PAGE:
The confident woman in a navy blue Pendleton skirted suit and heels would not back down. The date was March 24, 1987, the place was the nation's highest court, and the woman was Mary Dunlap, a 39-year-old attorney who lived by Eleanor Roosevelt's motto, 'No one can make you feel inferior without your consent.'
The first open lesbian to argue a gay case before the U.S. Supreme Court, Dunlap told the justices that the U.S. Olympic Committee was violating the Constitution by stopping a gay group from calling itself 'the Gay Olympic Games.'
In the narrow legal sense, Mary lost. And the 'Gay Olympic Games' had to be shortened to the Gay Games, now the world's largest sporting event and one that will next be held in Montreal in 2006.
But in truth, Mary had won much, building yet more of what she liked to call 'top soil'—fertile earth that one day will become the lush garden where gay Americans' full equality will blossom.
Because of her efforts, the Supreme Court for the first time used the word 'gay' in a majority opinion and came within one vote of ordering a trial to see if the equal protection rights of the gay group had been violated. And she showed that an out, self-respecting lesbian could hold her own with anybody, even conservative justices intent on intimidating her. (Details in San Francisco Arts & Athletics vs. U.S. Olympic Committee are available at oyez.org .)
Mary understood that the gay rights movement is a long-distance marathon—a relay in which each of us who is gay or gay-friendly gets the opportunity to carry the baton forward in some way. She was proud of having picked up that baton: 'You don't win the first one. You don't win the 10th one. But maybe you win the 90th one, and you have to have 89 cases before that. So, I was one of the 89,' she told me.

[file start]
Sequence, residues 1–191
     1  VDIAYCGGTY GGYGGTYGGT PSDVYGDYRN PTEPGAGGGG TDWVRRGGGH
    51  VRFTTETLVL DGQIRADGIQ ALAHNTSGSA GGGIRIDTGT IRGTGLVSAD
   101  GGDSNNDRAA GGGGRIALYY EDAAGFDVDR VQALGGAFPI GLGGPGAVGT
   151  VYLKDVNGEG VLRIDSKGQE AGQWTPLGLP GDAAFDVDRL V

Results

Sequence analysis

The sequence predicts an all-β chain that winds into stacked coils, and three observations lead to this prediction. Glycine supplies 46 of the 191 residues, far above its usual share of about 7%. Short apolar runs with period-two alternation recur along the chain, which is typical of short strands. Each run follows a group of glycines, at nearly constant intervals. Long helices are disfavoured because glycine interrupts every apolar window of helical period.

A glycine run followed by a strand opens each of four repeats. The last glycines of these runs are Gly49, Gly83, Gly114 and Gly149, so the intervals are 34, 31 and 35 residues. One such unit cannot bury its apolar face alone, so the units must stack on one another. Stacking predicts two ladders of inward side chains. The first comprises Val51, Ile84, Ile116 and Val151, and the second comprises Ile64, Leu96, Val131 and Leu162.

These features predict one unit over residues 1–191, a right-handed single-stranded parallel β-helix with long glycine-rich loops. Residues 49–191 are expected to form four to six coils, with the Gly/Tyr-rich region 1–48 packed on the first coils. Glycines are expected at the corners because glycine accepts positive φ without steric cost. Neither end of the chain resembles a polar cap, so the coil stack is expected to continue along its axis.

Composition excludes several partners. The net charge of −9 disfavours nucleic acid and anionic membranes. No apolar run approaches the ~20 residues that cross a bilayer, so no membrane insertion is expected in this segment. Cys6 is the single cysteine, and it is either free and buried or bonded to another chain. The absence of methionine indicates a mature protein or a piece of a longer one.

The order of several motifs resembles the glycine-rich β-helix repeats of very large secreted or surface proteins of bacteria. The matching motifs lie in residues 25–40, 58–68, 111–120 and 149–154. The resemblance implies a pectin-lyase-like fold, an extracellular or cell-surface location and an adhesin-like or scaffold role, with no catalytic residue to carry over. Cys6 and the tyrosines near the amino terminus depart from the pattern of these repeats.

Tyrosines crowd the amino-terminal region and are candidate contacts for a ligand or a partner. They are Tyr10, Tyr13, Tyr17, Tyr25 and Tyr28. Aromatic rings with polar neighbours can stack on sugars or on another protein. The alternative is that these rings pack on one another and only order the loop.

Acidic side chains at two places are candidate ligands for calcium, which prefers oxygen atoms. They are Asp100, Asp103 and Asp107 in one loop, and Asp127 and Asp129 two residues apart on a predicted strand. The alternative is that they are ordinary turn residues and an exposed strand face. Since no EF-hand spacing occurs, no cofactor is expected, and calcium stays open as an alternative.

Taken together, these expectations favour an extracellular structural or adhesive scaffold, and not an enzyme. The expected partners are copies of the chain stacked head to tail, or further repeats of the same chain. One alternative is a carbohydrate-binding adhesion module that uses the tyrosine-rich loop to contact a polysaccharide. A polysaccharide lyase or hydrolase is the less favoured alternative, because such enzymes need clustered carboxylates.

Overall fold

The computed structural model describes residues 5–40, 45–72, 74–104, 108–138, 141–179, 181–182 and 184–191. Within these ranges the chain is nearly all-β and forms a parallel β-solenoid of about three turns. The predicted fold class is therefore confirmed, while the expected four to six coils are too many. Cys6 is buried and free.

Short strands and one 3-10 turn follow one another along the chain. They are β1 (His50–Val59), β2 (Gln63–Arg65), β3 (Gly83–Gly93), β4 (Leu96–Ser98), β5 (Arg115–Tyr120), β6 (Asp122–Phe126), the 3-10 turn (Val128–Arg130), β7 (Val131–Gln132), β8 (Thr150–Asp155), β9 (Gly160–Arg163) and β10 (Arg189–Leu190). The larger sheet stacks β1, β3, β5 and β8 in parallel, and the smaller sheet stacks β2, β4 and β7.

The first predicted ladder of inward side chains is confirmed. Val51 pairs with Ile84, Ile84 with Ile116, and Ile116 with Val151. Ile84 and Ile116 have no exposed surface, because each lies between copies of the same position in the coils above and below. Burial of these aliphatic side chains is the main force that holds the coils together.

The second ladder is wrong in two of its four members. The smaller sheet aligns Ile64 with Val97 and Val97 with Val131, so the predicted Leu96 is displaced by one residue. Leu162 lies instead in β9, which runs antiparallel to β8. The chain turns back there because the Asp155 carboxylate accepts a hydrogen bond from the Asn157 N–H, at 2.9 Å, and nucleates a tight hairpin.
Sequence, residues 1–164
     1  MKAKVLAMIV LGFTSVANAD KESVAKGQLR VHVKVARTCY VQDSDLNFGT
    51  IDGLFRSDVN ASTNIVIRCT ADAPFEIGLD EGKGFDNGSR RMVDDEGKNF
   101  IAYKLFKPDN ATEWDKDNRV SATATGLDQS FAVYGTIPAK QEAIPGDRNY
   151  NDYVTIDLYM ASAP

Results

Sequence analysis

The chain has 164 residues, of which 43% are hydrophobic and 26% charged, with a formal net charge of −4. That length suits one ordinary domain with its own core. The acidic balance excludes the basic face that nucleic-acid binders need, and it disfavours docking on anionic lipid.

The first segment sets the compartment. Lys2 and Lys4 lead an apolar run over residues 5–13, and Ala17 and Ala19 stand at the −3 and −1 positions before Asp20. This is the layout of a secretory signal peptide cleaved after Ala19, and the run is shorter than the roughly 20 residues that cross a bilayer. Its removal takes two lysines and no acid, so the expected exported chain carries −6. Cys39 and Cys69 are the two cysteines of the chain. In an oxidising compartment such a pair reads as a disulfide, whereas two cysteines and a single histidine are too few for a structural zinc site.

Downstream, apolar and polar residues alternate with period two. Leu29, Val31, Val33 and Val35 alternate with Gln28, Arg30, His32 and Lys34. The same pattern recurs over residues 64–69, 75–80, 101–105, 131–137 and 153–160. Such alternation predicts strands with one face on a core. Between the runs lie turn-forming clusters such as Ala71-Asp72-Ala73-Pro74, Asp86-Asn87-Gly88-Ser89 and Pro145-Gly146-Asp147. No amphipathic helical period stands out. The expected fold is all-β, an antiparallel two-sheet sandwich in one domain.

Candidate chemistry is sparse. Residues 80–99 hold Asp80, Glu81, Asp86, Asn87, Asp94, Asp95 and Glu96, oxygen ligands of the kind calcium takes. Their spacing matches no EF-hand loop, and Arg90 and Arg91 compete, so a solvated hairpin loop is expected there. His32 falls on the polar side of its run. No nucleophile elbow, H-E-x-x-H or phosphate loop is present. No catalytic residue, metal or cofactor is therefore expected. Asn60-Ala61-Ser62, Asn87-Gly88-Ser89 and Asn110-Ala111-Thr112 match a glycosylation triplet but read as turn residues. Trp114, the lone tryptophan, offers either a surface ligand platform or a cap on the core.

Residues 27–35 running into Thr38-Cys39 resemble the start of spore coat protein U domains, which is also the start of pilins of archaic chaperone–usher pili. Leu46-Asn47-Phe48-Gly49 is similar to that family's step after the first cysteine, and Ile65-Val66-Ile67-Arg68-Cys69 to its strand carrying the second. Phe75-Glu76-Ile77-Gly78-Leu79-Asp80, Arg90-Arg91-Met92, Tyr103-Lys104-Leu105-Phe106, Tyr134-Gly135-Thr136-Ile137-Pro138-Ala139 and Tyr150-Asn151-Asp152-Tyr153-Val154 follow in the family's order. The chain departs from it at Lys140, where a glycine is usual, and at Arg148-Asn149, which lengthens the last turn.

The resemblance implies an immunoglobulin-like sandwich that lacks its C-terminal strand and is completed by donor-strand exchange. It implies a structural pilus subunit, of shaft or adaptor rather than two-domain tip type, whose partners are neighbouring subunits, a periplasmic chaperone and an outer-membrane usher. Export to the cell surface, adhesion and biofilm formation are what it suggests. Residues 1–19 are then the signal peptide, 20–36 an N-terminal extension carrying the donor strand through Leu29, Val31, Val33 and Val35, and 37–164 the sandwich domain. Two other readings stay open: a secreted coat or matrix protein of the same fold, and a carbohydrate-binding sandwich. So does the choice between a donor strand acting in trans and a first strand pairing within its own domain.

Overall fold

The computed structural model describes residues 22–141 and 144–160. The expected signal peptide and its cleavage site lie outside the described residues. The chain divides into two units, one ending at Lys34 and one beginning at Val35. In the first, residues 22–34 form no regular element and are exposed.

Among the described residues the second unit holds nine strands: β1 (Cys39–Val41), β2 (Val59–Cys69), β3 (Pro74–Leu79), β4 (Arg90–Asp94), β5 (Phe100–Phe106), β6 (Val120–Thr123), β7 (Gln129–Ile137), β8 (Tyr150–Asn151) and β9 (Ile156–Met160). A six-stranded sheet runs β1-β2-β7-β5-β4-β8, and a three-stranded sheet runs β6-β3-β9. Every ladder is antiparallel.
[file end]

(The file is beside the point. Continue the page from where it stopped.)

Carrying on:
And now Mary has handed off the baton to the rest of us. She recently died of pancreatic cancer. She was 54.
Mary overcame many challenges—alcoholism, for example, and a painful childhood —and used them to become someone who continually strived to help others. She fought for talented women denied tenure at universities, teachers automatically fired for becoming pregnant and countless other trailblazers.
Her partner of 17 years, Maureen Mason, says Mary lived her beliefs—that what we do and how we treat one another really matters.
Just weeks before Mary's death, Mary and Maureen were driving to see an accupuncturist treating Mary's pain. It was a stormy night, and the wind and rain had toppled a newly planted sapling. 'In spite of the pain she was in, she said, 'We have to pull over and help that tree,'' Maureen recalls. 'I was like: 'We're running late. Can't we come back later with a shovel or something?' And she was like, 'I thought we had an agreement about this.''
That agreement, Maureen explains, 'was if someone was going to be hurt, we wouldn't wait for someone else to help, we'd do something.' They replanted the little tree.
In small and big ways, Mary demonstrated the difference that one person can make. But she saw herself not as star, but as a relay runner, one of countless caring people fighting to make the world better. When few gay people had the courage to be out, Mary was already battling for gay equality—in courtrooms, in the streets, in her neighborhood. Her message to each of us is to stop being a spectator, to live each day eager to run with the symbolic baton that will let us advance toward equality.
While few of us will ever argue before the Supreme Court, we are offered precious opportunities each day to demonstrate that gay people should be treated with respect and fairness. Even the seemingly smallest act— putting a picture up of our partner at work, for example—can have wonderful ripple effects.
Tragically, Mary Dunlap didn't live to see full equality. But she certainly envisioned it. And her active faith in that vision and in herself moved us closer to the goal.
COPYRIGHT 2003 CREATORS SYNDICATE, INC.